[LAU] Art's suitability for anything

Jeremy Jongepier jeremy at autostatic.com
Sat Aug 17 19:32:56 UTC 2013

On 08/17/2013 08:04 PM, Brent Busby wrote:
> On Sat, 17 Aug 2013, James Harkins wrote:
>> I don't entirely agree that art should not suit to anything. I come to
>> feel more and more that art doesn't exist without a subculture, and
>> people make art/music/fashion etc to appeal to one or more
>> subcultures. There are possible exceptions (Harry Partsch, perhaps)
>> but I'd argue those are extremely rare.
> I'd agree completely with that.  In fact, that may be exactly what's
> been wrong with pop music since about 1997 or so -- there is no
> subculture.  In fact, apart from the electronic(a) movement and its
> various sub-genres, the one thing that immediately strikes me about pop
> music after grunge is that it has no name, no statement, no people, no
> look, and no intent.  It's just a bunch of a assorted songs from various
> labels which, while they all seem to be trying to co-opt some sort of
> look or feel from the past, don't actually have anything in common or
> seem to be in unison trying to say anything.  In all the years that rock
> music (and its offspring) have existed since 1955 or so, that has never
> happened before, and is probably the best argument that rock music has
> stopped evolving and has become like jazz -- an important style that's
> well on its way at this point to being taught in college courses.  The
> last prevalent style movement that had a name and a look and a
> subculture was grunge/alternative in the mid-90's.  Fashion and music
> have been on auto-pilot ever since, for lack of any concrete direction.
> (I wasn't much of a fan of grunge, so I'm not defending it as some sort
> of golden age -- just acknowledging that it was a real rock movement,
> and it looks like maybe the last one ever.)

There have been pop music sub-cultures after grunge, like postrock,
mathrock and emo for example. Especially emo was a very big subculture
with quite some influence on contemporary music and even fashion since
it was the emo kids that started wearing skinny jeans and shirts, had
their hair like Justin Bieber when he was still in his diapers, boosted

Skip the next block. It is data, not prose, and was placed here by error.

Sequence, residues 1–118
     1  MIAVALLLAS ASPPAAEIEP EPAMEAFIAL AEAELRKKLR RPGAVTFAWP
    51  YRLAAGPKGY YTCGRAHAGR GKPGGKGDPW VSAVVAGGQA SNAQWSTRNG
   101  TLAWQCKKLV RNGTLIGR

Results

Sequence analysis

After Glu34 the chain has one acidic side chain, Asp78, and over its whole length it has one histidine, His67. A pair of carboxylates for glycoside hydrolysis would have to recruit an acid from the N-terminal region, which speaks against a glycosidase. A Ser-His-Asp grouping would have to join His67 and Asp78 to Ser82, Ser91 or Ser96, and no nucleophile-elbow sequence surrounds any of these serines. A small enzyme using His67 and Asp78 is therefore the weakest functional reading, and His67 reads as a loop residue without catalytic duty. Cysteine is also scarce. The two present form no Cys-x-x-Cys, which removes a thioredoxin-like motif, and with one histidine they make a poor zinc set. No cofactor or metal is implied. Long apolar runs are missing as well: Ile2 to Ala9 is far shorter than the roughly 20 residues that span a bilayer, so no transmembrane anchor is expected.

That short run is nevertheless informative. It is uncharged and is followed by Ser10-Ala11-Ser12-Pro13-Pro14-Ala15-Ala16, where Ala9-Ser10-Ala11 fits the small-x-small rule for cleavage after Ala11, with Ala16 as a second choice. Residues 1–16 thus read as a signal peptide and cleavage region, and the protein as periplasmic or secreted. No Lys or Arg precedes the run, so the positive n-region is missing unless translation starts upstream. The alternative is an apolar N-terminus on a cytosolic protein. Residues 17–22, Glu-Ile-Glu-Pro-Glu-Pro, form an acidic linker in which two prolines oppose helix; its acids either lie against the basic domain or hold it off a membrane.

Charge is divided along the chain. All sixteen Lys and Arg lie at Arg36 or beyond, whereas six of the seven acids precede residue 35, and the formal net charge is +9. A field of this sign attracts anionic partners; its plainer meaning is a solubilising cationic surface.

the sales of classic Vans shoes and made the so-called 'sleeve' popular
(fully tattood arm). Besides their own clothing code they also had their
own dance (anyone recall violent dancing?). But postrock and mathrock
and all of its sub-genres (like jazzcore, what's in a name) are indeed
genres that are like jazz. So I'd say emo was the last prevalent style
movement that didn't co-op a look or feel from the past.

>> Many western classical composers in the early twentieth century argued
>> for "music for its own sake" -- music that captures a glimpse of the
>> Eternal and thus whose artistic merit transcends human relationships.
>> But of course, it's all tap-room banter without a community of
>> musicians and listeners who agree with that idea! So this was just
>> another musical culture (which sought to pretend that it was beyond
>> culture).
> One could actually argue that the musical conservatory type culture they
> had created between themselves and their audiences was a subculture in
> itself, with far more direction than the post-1997 top-40.
> The ironic thing about all of this is that the most potent rock
> subculture ever, the psychedelic period in the 60's, was very political,
> and happened in an evironment that's very similar to where we are now --
> questionable foreign wars, questionable executive branch practices (from
> both parties), massive popular disapproval of the US government. Except
> this time, music and art is strangely silent about it all.  One would
> think in times like these, artists would not need to be coaxed to make a
> statement.

But making political statements doesn't go well with individualism. A
lot of artists barely make statements, they only make music centered
around themselves. I think this tendency also contributes to the fact
that no new exciting genres pop up anymore. Artists are so busy with
themselves that they barely care about what others are doing.


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